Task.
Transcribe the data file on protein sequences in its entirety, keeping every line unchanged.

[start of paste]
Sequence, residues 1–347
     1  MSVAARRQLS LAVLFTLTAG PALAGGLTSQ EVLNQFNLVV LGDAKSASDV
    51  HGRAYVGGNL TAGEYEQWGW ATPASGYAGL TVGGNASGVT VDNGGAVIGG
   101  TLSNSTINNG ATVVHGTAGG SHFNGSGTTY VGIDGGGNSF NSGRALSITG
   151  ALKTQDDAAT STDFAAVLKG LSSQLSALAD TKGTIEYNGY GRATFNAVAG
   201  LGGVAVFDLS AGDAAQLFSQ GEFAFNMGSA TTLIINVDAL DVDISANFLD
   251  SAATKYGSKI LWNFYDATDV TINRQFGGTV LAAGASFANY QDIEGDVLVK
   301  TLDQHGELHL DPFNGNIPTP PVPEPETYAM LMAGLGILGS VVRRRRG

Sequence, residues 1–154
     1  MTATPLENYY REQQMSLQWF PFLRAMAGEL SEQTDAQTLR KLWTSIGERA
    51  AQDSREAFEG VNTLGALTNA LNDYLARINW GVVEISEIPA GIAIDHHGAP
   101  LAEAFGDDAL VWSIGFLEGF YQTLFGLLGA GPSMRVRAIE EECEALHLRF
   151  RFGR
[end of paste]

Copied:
Sequence, residues 1–347
     1  MSVAARRQLS LAVLFTLTAG PALAGGLTSQ EVLNQFNLVV LGDAKSASDV
    51  HGRAYVGGNL TAGEYEQWGW ATPASGYAGL TVGGNASGVT VDNGGAVIGG
   101  TLSNSTINNG ATVVHGTAGG SHFNGSGTTY VGIDGGGNSF NSGRALSITG
   151  ALKTQDDAAT STDFAAVLKG LSSQLSALAD TKGTIEYNGY GRATFNAVAG
   201  LGGVAVFDLS AGDAAQLFSQ GEFAFNMGSA TTLIINVDAL DVDISANFLD
   251  SAATKYGSKI LWNFYDATDV TINRQFGGTV LAAGASFANY QDIEGDVLVK
   301  TLDQHGELHL DPFNGNIPTP PVPEPETYAM LMAGLGILGS VVRRRRG

Sequence, residues 1–154
     1  MTATPLENYY REQQMSLQWF PFLRAMAGEL SEQTDAQTLR KLWTSIGERA
    51  AQDSREAFEG VNTLGALTNA LNDYLARINW GVVEISEIPA GIAIDHHGAP
   101  LAEAFGDDAL VWSIGFLEGF YQTLFGLLGA GPSMRVRAIE EECEALHLRF
   151  RFGR